Dept. of Ed Offers Guidelines on Avoiding 'Underrepresentation' of Sexes in Careet & Tech Programs

The U.S. Department of Education (DOE) has sent a “Dear Colleague” letter to guide educational institutions offering career and technical programs on how to ensure that all students are given equal opportunities to succeed regardless of their gender.

The letter notes that even though “disproportionate enrollment” is not against federal law, institutions that receive federal funding “must conduct their admission, recruitment, and counseling practices in a nondiscriminatory manner” and address “any unlawful sex discrimination and sex stereotypes in their policies and practices.”

As examples, the letter points out that underrepresentation of women in CTE (career and technical) programs is a potential factor in the gender pay gap. Less than two percent of plumbers and less than three percent of electricians are women, DOE claims.

On the other hand, CTE programs that train students for careers in childcare and cosmetology are disproportionately filled by women, with females making up 90 percent of the workforce in these traditionally low-paying fields.

The DOE thinks that “discouraging men and boys” from fields that are “non-traditional for their sex” is a problem as well.

Since fewer men are enrolled in CTE programs for nursing and education, they make up a minority of these workforces. Less than three percent of early childhood education teachers are men, and males comprise just 10 percent of nurses and medical assistants.

DOE says it wants career and technical education (CTE) programs to be more gender-inclusive and increase “overall participation” in “fields where one sex is underrepresented.”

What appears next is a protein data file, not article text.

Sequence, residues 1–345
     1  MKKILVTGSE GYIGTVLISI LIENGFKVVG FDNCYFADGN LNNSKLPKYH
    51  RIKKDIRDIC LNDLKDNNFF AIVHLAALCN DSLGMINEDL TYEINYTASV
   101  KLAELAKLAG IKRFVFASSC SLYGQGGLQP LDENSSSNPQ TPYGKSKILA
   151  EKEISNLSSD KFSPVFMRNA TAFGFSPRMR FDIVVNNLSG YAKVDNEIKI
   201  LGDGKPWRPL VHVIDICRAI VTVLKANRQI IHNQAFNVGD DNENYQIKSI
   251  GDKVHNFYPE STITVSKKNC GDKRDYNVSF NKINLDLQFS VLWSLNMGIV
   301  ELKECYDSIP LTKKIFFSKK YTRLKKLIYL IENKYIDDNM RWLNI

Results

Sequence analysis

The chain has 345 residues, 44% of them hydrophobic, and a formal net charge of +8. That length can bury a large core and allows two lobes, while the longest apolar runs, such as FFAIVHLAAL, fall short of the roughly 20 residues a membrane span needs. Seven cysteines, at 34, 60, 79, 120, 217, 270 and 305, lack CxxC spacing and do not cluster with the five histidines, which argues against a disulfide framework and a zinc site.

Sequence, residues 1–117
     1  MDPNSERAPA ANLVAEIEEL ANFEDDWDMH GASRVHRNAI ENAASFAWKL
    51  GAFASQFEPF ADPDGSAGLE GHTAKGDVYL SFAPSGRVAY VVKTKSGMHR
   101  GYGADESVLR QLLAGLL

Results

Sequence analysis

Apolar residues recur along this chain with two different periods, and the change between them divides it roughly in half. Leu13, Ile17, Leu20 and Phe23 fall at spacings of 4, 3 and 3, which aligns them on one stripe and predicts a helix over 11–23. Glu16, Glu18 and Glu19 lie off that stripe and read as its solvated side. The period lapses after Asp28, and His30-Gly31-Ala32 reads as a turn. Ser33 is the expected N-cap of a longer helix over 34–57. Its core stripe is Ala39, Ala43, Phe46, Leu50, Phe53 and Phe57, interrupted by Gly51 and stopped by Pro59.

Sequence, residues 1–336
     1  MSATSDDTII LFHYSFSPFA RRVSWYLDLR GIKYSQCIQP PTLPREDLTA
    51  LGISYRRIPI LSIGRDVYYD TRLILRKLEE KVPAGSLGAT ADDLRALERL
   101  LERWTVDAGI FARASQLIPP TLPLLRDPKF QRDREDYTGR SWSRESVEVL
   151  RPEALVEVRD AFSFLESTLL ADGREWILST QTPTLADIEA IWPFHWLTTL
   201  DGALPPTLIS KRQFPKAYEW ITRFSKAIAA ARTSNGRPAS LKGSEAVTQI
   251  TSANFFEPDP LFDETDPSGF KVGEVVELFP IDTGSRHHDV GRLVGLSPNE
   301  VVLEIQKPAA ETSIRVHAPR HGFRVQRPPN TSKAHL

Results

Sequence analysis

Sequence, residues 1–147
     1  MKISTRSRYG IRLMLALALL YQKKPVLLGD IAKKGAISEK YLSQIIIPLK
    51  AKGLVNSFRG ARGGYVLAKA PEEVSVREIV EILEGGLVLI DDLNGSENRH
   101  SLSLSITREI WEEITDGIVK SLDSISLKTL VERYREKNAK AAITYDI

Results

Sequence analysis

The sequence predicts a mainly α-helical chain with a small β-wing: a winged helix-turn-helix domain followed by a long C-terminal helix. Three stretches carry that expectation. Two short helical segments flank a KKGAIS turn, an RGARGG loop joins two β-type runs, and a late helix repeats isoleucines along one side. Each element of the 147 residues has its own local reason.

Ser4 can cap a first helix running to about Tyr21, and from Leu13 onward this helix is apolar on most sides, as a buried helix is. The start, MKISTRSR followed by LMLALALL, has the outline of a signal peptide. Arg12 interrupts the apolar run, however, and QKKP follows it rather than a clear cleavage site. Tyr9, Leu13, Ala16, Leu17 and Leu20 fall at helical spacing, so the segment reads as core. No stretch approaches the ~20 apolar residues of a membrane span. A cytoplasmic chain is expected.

“As the father of two daughters, I want my girls - and all young women in this country - to have access to the careers of their dreams, no matter the path,” U.S. Secretary of Education John B. King, Jr. said in a June 15 statement. “Career and technical education is not just about preparing some students for successful lives and careers, it’s about giving all students the tools to succeed.”

According to the Association for Career and Technical Education, CTE “prepares students to be college and career ready by providing core academic skills, employability skills, and technical, job-specific skills.” CTE uses high schools, career centers, and community and four-year colleges to guide students down a variety of career paths.

In the letter, The DOE offers several ways to end “disproportionate enrollment” in career and technical fields.  

When promoting their programs, institutions must not “create or perpetuate stereotypes.” Instead, they should try to “portray males or females in programs and occupations in which these groups traditionally have not been represented.”

Moreover, when admitting students, institutions cannot use “any test or criterion” that “has a disproportionately adverse effect on individuals of one sex.” Counseling programs must be non-discriminatory as well, as counselors cannot give students career advice based on their gender.

In accordance with Title IX, institutions have to explicitly state that they will not discriminate based on gender. They also have to designate a “Title IX Coordinator” to monitor and prevent potential discrimination.

Finally, the letter urges educational institutions to prevent sex-based harassment, and to treat students and applicants equally regardless of whether they are married, pregnant or have children.

The letter notes a potential situation in which an advanced manufacturing program will not allow pregnant women to take a machine lab course because of the danger involved.

However, DOE states that this would be a violation of Title IX which “prohibits schools from excluding students from classes based on pregnancy.”

On June 17, the Department of Education announced that ten schools were the prizewinners in the CTE Makeover Program, which called “on high schools to design makerspaces that strengthen next-generation career and technical skills.” As a prize, each school received $20,000 cash to improve their its CTE program.

Assistant Secretary for Civil Rights Catherine E. Llahamon and Acting Assistant Secretary for Career, Technical, and Adult Education Johan E. Ulvin both think that the guidelines will help reduce gender discrimination in CTE programs.

“Ensuring equitable access to CTE programs by eliminating sex discrimination supports a pathway to high-skill, high-wage, and high-demand jobs for all learners, free from stereotype and consistent with our nation’s civil rights laws,” Llahamon said in the press release.